Harsh interrogations and Guantánamo Bay, secret prisons and warrantless eavesdropping, the war against Al Qaeda and the one in Iraq. On issue after issue, President Bush has showed little indication that he will shrink from the most controversial decisions of his tenure.
With the decision to charge six Guantánamo detainees with the attacks of Sept. 11, 2001, and to seek the death penalty for the crimes, many of those issues will now be back in the spotlight. In an election year, that appears to be exactly where Mr. Bush wants the focus to be.
The White House said on Monday that Mr. Bush had no role in the decision to file charges now against the six detainees, leaving the strategy for prosecuting them to the military.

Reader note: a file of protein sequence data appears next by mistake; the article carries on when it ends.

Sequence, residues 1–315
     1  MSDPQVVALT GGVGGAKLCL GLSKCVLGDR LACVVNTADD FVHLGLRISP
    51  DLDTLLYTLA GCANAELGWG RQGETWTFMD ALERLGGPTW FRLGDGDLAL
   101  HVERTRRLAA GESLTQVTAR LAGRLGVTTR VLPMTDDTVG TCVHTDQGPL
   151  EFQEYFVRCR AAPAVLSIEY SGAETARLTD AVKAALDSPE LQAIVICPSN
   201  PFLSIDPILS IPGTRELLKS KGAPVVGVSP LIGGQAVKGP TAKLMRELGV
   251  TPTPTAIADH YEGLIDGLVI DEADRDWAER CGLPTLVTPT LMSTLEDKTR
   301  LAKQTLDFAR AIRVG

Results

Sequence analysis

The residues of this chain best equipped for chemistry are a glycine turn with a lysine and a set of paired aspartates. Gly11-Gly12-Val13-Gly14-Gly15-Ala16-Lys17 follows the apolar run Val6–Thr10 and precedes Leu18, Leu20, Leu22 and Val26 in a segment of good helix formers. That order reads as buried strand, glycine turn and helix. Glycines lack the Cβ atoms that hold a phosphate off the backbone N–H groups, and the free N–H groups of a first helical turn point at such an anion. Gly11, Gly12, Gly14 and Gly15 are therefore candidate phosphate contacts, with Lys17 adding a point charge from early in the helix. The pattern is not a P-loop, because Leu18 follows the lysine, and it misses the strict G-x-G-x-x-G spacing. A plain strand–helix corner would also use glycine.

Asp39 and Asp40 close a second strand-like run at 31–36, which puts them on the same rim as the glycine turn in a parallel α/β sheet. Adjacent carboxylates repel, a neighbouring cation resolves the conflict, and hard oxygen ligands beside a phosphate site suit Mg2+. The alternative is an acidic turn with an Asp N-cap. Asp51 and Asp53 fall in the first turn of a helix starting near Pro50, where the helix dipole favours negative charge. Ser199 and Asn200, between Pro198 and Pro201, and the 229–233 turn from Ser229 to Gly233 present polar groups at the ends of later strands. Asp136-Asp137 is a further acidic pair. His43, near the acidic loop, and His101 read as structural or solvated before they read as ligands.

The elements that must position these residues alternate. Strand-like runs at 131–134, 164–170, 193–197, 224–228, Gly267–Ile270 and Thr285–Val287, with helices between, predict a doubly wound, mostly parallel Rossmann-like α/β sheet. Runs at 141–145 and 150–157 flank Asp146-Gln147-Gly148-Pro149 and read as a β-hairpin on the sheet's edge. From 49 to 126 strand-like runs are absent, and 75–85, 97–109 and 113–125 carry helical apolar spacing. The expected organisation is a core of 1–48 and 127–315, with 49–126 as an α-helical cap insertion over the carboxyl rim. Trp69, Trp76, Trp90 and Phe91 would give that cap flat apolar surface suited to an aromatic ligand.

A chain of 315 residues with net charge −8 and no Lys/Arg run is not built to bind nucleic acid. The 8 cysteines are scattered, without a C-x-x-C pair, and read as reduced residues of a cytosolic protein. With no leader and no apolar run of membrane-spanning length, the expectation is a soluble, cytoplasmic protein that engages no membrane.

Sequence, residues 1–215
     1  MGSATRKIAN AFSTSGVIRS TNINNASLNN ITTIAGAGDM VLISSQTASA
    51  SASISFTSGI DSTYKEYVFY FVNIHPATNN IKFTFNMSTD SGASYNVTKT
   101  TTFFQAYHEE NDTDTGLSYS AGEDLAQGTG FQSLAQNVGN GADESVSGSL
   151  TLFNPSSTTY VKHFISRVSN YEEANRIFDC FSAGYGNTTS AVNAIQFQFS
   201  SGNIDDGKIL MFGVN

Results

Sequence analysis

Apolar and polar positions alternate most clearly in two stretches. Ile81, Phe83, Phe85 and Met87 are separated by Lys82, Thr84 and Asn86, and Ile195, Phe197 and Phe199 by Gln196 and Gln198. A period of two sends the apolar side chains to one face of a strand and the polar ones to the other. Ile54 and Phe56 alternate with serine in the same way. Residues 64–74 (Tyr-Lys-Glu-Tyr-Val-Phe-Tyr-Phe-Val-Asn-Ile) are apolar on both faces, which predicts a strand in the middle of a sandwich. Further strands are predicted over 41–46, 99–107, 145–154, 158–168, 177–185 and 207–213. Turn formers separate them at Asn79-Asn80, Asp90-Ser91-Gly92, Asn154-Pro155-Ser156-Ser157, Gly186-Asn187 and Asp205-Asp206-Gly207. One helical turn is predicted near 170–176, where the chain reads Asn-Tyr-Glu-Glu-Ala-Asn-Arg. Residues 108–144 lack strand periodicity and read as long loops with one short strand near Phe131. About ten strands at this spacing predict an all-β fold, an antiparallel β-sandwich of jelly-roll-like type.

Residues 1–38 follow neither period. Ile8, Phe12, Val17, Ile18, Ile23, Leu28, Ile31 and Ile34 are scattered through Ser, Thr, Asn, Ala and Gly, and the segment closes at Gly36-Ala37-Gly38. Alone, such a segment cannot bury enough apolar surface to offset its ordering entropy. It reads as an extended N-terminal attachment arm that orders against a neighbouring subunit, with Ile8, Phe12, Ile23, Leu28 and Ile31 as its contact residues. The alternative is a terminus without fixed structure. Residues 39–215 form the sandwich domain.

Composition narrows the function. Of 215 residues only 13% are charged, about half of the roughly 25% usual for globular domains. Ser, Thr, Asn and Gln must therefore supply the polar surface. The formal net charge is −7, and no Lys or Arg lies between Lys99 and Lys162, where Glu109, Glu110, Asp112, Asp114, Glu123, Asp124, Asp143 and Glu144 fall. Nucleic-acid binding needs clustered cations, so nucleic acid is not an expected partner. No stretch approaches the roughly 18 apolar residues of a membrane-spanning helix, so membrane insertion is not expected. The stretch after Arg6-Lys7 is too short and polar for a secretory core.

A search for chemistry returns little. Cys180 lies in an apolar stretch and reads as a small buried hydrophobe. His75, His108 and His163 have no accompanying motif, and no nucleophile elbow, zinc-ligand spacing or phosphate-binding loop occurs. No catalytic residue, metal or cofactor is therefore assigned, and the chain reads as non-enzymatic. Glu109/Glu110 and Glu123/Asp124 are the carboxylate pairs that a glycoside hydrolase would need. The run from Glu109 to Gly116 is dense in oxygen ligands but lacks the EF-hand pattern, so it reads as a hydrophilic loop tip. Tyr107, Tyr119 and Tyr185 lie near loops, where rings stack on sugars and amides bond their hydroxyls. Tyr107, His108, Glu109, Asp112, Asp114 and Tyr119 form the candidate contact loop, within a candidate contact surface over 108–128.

Still, the cases soon to be put before military tribunals -- including that against Khalid Shaikh Mohammed, who has described himself as the mastermind of the attacks -- represent a major part of "the unfinished business" that Mr. Bush and his aides talk about when they vow "to sprint to the finish," as one aide did again on Monday.
Mr. Bush never sounds surer of himself than when the subject is Sept. 11, even when his critics argue that he has squandered the country's moral authority, violated American and international law, and led the United States into the foolhardy distraction of Iraq.